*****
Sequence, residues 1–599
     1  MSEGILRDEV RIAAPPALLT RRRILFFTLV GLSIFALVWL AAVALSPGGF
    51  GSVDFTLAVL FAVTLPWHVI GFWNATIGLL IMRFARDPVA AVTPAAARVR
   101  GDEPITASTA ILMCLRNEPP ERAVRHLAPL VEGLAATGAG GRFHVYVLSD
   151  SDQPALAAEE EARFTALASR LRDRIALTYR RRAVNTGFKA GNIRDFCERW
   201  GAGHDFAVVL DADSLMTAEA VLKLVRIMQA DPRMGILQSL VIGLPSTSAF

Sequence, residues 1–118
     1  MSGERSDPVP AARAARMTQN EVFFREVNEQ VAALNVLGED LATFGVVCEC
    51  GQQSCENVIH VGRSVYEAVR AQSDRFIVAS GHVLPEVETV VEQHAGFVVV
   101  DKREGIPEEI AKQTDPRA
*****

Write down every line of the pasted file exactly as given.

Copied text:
Sequence, residues 1–599
     1  MSEGILRDEV RIAAPPALLT RRRILFFTLV GLSIFALVWL AAVALSPGGF
    51  GSVDFTLAVL FAVTLPWHVI GFWNATIGLL IMRFARDPVA AVTPAAARVR
   101  GDEPITASTA ILMCLRNEPP ERAVRHLAPL VEGLAATGAG GRFHVYVLSD
   151  SDQPALAAEE EARFTALASR LRDRIALTYR RRAVNTGFKA GNIRDFCERW
   201  GAGHDFAVVL DADSLMTAEA VLKLVRIMQA DPRMGILQSL VIGLPSTSAF

Sequence, residues 1–118
     1  MSGERSDPVP AARAARMTQN EVFFREVNEQ VAALNVLGED LATFGVVCEC
    51  GQQSCENVIH VGRSVYEAVR AQSDRFIVAS GHVLPEVETV VEQHAGFVVV
   101  DKREGIPEEI AKQTDPRA